rob mclennan


I can’t translate myself into language any more.

—Alice Notley, Culture of One


Plot leads the mind into a particular direction, and often turns. The twist.

Weekly until my daughter turned seventeen and started working, we saw a new feature-length film in theatres, followed by a late lunch. Each opening Saturday, padded seats nearly empty at the noontime showing, starting lineups with 4 p.m., or 6. Why wait?

We watched movies. We watched them unfold. Overloaded with popcorn, but exclusively without butter. She didn’t like her hands dipped in oil.

After a decade of watching films, I asked what she saw first: story, setting, dialogue. She said, everything.


I can’t explain the depths of my disappointment with the third film of the Matrix trilogy, The Matrix Revolutions (2003). It veered enough from the path set by the first two that it contradicted.

For centuries, it was said, the Chinese didn’t record their history, believing it to be cyclical, where every point would return. Is this what the Architect meant, when he gave Neo that choice? Implying that Neo wasn’t a blip in the system but built-in. That he wasn’t the first to be allowed the non-choice, to walk through the door he was offered and re-start the human colony with a small group of his choosing. Begin again. It was the choice he was built for, a system reboot. When he wouldn’t follow direction, would the system self-destruct?

Which leads to the question: who made the previous choice? Zion’s Councilor Hamann, who offered advice, and visible restraint. What he may have been forbidden to tell.

What are facts but stories that have been repeated often enough to turn to stone?


A memory: my daughter takes photographs. Twelve years old, she caresses the digital camera, a weight in her palm. Holds it up like an orange, prized.

She stands in the yard. A few considered minutes to set up each shot in her head, turning and stepping aside. Each shot captured, she studies the screen. Memorizes. I watch her look at the garden, look through every angle. In the space of an hour, she takes eight photographs in and around the tiger lilies, tomato plants.

A wonder to behold.


An argument about culture that suggests the most pervasive way to affect culture in the 1890s was through the poem. Within a couple of decades, it had shifted to the novel. By the 1960s and 70s, it had become film, before shifting to television. Now, one might say, it would be through video games, but cable networks might be in the running.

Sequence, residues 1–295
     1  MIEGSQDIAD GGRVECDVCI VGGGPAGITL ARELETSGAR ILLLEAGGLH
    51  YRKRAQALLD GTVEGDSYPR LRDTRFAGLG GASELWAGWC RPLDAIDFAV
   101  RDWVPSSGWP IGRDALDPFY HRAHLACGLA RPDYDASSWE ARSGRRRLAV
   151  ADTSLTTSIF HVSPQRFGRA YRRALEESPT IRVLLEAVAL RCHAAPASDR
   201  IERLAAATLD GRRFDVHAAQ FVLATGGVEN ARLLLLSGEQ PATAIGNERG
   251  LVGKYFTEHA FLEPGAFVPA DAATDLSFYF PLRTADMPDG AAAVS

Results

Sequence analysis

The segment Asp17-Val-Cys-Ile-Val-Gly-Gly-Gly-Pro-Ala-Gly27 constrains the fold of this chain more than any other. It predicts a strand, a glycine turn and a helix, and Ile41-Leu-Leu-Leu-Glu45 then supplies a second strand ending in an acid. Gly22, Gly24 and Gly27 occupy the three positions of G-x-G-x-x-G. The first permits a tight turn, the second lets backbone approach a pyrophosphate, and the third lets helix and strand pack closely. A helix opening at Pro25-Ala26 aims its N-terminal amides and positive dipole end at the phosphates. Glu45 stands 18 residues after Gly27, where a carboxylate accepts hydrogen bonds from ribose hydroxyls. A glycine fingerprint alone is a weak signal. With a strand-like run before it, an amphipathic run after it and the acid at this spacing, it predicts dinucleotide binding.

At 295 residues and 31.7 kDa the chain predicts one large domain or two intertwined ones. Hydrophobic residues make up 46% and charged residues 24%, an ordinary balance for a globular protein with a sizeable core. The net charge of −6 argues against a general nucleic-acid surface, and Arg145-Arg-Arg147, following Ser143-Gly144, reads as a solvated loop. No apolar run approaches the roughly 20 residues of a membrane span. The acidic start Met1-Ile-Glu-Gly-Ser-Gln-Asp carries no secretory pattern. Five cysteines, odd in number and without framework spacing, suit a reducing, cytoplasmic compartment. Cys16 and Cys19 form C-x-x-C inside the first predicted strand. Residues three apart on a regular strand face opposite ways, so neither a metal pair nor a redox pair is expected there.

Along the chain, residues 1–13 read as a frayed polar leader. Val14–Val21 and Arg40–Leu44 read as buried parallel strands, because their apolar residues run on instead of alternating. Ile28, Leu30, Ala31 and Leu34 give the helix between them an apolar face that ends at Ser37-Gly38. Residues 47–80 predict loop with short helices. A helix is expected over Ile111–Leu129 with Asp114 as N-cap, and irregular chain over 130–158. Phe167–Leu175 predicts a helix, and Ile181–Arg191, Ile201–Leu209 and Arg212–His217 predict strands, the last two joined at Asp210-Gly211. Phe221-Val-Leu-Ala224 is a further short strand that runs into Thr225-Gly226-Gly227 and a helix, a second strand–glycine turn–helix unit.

Is freedom, really, the possibility of isolation?


The Matrix Trilogy, set in an undesignated future, when all but a few are enslaved by intelligent machines. They, in turn, fed and fueled by human energy, human resistance. They thrived on conflict. Structures implanted so deep, beyond conscious choice into nature, for machine, human and program populations. That there would be but One, or could be.

After the end of the second film, Neo broke not the chain but direction. There would be Another. To be replaced by his unborn child with Trinity, and thus, would be, briefly, three. Her dual nature, divided in two.

One and Another, neither of whom could exist side-by-side. To end the unbreakable chain.

Like Moses, he would have to die so the rest could reach the Promised Land.


Overheard in the pub: I loaned him a dozen movies, and he still hasn’t watched them. Why read the book when you could just watch the movie?

In the men’s washroom, a patron has abandoned the newspaper, again.


Hugo Weaving’s Agent Smith. An insistence of ego.

A friend’s anger at the scene of the communal dance, more sexually charged as the scene progresses. A slow scene in a family movie, suddenly akin to an orgy.

Rain: the water branches, coils. Heavy rain. This is where stories begin.


Born in Ottawa, Canada’s glorious capital city, rob mclennan currently lives there. The author of more than twenty trade books of poetry, fiction and non-fiction, his most recent titles are the poetry collections Songs for little sleep, (Obvious Epiphanies, 2012), grief notes: (BlazeVOX [books], 2012), A (short) history of l. (BuschekBooks, 2011), Glengarry (Talonbooks, 2011) and kate street (Moira, 2011), and a second novel, missing persons (2009). An editor and publisher, he runs above/ground press, Chaudiere Books (with Jennifer Mulligan), The Garneau Review, seventeen seconds: a journal of poetry and poetics ( and the Ottawa poetry .pdf annual ottawater. He spent the 2007-8 academic year in Edmonton as writer-in-residence at the University of Alberta, and regularly posts reviews, essays, interviews and other notices at